Carrion is a term used to describe dead, decaying animals. Though it seems unsavory to think of anything consuming rotting flesh, the American Carrion Beetle is actually a hugely beneficial insect in an ecosystem. Without the feeding habits of this beetle, the amount of time needed for decomposition would increase, which not only means a longer odor and presence of carrion, but also a slower cycling of the nutrients (like proteins and minerals) that are in every animal's tissues. American Carrion Beetles can smell their main food source from far distances for such a small creature, and many may gather to feast and reproduce by it.
The black beetle has a yellow pronotum, the area near the head. A large black spot shaped like an insignia sits in the middle of it. The wing coverings, called elytra, are slightly bumpy and wide, giving the beetle a rounder shape instead of a long, narrow one. Look for this type of beetle in humid woodlands and forests, especially near dead animals. They may also be found walking through leaf litter and on trees looking for stinky, rotting fruit or smelly fungi, both of which may be secondary food sources for adults.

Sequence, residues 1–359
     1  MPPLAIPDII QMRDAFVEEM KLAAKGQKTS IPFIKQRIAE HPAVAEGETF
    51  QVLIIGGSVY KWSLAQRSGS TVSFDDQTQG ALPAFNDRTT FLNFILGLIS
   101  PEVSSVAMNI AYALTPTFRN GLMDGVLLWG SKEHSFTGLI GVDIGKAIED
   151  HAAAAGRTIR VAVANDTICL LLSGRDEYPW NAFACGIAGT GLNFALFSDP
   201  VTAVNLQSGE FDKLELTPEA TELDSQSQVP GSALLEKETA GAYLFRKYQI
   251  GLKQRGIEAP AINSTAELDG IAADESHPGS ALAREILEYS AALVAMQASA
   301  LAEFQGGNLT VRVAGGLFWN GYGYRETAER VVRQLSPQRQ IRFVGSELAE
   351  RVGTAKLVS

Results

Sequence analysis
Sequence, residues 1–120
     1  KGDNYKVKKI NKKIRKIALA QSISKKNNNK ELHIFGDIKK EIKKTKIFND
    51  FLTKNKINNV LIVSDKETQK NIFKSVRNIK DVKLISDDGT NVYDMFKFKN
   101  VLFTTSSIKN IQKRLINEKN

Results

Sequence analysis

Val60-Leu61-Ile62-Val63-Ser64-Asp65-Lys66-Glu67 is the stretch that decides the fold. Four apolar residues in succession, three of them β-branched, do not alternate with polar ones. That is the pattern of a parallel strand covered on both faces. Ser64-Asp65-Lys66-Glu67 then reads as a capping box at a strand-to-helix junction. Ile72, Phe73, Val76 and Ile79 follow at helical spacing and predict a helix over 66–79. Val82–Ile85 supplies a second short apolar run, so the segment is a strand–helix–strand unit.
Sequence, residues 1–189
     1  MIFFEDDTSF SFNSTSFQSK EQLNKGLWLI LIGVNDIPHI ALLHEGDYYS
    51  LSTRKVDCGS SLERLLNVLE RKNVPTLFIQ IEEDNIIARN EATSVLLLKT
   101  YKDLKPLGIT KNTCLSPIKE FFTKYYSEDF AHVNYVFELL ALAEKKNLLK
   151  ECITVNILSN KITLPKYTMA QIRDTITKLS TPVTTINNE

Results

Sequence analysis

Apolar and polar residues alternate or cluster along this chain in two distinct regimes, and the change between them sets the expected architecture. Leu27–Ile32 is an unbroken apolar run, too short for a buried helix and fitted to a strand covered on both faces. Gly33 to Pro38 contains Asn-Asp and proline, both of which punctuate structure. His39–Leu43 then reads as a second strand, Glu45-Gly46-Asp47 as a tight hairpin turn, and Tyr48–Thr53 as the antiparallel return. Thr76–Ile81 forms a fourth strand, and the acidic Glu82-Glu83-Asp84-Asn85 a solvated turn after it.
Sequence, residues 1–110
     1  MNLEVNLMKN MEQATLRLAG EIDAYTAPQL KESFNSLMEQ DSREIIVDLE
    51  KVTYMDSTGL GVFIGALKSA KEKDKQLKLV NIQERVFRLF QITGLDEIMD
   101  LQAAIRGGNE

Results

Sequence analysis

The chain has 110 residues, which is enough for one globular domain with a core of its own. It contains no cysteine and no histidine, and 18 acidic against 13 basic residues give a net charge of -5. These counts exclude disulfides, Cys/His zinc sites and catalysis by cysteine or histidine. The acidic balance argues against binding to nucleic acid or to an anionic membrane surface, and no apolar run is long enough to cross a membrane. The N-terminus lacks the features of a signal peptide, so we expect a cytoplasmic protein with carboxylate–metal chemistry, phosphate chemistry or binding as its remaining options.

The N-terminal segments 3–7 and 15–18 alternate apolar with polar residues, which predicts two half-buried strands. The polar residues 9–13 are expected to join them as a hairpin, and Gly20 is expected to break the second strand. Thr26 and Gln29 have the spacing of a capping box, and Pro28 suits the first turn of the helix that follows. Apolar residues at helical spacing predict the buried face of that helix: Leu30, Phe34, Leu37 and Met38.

The American Carrion Beetle is typically 0.5 inches to 0.8 inches (13mm to 22mm) in size and has the following descriptors / identifiers: black; yellow; shell; wings; flying; six legs; small; symbol.
Territorial Area Map (Visual Reference Guide)
The map below showcases (in blue) the states and territories of North America where the American Carrion Beetle may be found (but is not limited to). This sort of data can be useful in seeing concentrations of a particular species over the continent as well as revealing possible migratory patterns over a species' given lifespan. Some species are naturally confined by environment, weather, mating habits, food resources and the like while others see widespread expansion across most, or all, of North America.